Founded in 1963 by Father David Bauer, Canada’s National Men’s Team was a full-time program from 1963-68 and 1983-2000, giving Canada a constant presence at major international events around the world.
Canada dominated the early years of Olympic hockey, winning gold at six of the first seven Games between 1920 and 1952, and has won three of the last four, including home-ice gold in Vancouver, B.C., in 2010.
NHLers whose teams failed to qualify for postseason play, or were first-round casualties, represent Canada. No single country has won gold more than Canada; the most recent of its 24 world titles came in 2007.
The final step in Hockey Canada’s Program of Excellence, Canada's National Junior Team has found record-setting at the IIHF World Junior Championship since the first year of the POE in 1982, winning 16 gold medals.
A holiday tradition from coast to coast to coast, the IIHF World Junior Championship puts the future stars of the game on display. Canada is a 16-time World Juniors gold medallist, including five on home ice.
Since 1990, Canada's National Women's Team has found unparalleled success on the international stage, winning 10 gold medals at the IIHF Ice Hockey Women's World Championship, and four at the Olympics.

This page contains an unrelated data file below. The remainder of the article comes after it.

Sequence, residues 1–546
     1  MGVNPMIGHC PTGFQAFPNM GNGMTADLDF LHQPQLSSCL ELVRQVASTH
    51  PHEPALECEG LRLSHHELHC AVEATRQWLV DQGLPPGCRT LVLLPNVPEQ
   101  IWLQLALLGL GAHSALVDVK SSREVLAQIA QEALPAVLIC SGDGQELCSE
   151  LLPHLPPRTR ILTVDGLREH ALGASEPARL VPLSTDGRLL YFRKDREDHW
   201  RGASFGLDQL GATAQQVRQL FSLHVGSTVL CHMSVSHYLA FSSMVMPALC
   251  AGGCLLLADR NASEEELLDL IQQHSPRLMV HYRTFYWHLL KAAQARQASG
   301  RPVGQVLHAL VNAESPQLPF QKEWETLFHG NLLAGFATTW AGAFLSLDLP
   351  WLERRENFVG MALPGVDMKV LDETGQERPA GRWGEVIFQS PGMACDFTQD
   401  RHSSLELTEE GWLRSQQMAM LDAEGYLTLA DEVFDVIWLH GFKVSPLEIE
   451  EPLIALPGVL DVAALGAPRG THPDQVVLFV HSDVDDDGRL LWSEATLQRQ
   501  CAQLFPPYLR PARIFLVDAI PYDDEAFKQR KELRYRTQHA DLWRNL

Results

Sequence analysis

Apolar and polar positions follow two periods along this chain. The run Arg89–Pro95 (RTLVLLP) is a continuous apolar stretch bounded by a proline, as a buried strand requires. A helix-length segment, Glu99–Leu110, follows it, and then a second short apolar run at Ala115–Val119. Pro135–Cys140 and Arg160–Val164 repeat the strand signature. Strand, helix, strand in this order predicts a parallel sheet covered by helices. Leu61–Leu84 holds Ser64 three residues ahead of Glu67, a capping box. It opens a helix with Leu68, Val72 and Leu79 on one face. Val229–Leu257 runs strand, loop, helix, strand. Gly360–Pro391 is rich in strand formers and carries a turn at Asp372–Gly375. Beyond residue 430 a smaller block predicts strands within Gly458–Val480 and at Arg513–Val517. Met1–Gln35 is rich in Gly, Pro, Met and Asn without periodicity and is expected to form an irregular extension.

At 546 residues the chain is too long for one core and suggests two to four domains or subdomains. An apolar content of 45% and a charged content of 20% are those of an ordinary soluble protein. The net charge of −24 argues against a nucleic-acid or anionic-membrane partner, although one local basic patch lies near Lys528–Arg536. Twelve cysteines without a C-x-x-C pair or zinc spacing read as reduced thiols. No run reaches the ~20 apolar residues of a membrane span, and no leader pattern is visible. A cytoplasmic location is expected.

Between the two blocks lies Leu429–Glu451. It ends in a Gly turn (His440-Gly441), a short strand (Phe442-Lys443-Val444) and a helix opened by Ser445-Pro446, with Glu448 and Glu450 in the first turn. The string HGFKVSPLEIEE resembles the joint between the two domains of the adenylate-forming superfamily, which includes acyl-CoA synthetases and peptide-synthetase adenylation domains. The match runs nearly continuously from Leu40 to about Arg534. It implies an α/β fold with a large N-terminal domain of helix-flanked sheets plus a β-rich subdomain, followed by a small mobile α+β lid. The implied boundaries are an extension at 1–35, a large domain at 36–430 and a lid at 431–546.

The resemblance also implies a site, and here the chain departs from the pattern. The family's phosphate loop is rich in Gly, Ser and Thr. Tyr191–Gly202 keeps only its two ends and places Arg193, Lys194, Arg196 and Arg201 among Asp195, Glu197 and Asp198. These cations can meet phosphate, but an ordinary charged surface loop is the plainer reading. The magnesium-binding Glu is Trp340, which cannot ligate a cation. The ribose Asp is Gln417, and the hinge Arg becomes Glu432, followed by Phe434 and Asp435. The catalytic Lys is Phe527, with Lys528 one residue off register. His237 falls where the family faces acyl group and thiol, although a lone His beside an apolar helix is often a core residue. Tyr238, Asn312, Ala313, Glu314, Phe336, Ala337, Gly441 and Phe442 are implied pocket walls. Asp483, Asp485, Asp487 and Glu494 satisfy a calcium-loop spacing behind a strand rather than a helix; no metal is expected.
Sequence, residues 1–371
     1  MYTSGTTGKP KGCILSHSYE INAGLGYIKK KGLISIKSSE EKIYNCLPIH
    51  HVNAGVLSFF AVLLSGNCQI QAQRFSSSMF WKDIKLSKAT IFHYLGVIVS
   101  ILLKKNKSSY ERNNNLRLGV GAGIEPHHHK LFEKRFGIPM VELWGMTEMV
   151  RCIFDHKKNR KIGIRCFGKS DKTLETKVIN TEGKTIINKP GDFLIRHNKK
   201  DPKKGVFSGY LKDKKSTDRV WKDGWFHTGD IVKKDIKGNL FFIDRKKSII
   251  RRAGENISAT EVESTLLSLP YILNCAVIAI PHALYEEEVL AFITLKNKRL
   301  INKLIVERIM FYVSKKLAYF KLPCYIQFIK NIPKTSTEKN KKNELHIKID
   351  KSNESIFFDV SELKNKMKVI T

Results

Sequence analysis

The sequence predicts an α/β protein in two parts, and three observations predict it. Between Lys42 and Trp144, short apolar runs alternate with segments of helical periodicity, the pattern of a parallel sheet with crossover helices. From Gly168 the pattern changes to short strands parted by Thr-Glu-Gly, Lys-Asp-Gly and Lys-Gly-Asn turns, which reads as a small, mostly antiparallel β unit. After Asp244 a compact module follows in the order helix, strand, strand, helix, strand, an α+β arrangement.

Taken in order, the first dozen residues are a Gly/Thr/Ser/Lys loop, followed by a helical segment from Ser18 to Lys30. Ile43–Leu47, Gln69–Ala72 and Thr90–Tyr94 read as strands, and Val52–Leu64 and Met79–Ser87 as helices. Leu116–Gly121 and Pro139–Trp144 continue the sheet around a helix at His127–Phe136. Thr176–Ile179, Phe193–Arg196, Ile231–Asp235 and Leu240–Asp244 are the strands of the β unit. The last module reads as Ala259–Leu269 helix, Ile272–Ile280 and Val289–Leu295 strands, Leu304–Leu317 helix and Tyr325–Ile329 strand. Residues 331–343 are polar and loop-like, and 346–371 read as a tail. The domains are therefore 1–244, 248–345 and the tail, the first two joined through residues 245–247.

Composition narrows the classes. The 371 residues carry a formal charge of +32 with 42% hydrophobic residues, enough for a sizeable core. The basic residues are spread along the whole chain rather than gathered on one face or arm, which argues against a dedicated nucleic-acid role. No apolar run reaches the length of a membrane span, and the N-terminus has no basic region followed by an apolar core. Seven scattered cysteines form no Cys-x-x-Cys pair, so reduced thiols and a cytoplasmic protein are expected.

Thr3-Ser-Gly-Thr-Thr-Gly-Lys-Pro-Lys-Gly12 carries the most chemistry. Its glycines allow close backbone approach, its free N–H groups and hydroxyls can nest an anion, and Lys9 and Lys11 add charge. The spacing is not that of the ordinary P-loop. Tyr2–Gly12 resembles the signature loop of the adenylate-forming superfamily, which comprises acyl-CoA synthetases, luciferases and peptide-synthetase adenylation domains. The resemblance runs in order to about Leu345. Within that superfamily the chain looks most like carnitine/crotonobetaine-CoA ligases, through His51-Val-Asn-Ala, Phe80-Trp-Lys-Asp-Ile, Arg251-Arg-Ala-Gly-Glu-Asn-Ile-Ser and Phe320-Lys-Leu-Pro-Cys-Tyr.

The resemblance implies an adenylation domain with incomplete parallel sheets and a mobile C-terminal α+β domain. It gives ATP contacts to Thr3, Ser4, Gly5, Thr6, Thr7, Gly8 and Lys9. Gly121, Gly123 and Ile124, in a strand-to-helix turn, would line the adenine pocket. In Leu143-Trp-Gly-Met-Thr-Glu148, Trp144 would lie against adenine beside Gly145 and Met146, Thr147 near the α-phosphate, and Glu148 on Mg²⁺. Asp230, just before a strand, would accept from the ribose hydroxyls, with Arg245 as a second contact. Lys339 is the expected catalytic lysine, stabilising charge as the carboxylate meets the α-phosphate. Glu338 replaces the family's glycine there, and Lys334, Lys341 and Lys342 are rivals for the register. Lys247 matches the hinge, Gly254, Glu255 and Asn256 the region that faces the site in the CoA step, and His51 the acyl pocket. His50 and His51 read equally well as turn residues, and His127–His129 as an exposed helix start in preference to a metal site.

After settling for silver when women's hockey made its debut at the Olympics in 1998, Canada has yet to taste defeat again at the Games, winning four consecutive gold medals in 2002, 2006, 2010 and 2014.
Beginning with the inaugural worlds in Ottawa in 1990, Canada has never finished worse than
silver, winning the first eight gold medals (1990, 1992, 1994, 1997, 1999, 2000, 2001, 2004) and claiming
its 10th in 2012.
Each season, Canada's National Sledge Team welcomes three top sledge hockey nations for a tournament that is quickly becoming one of the most prestigious and anticipated on the international sledge hockey calendar.
Canada's National Women’s Development Team meets twice a year, for a summer camp and three-game series, typically against the United States, and again for a holiday season international event in Germany.
Canada's National Women’s Under-18 Team meets twice a year, for a summer camp and three-game series, typically against the United States, and again for the IIHF Ice Hockey U18 Women’s World Championship.
From Paul Henderson to Shane Doan, from 1972 to 2004, from the Summit Series to the World Cup, Canada has often been on top of the best-on-best tournaments that have dotted the history of international hockey.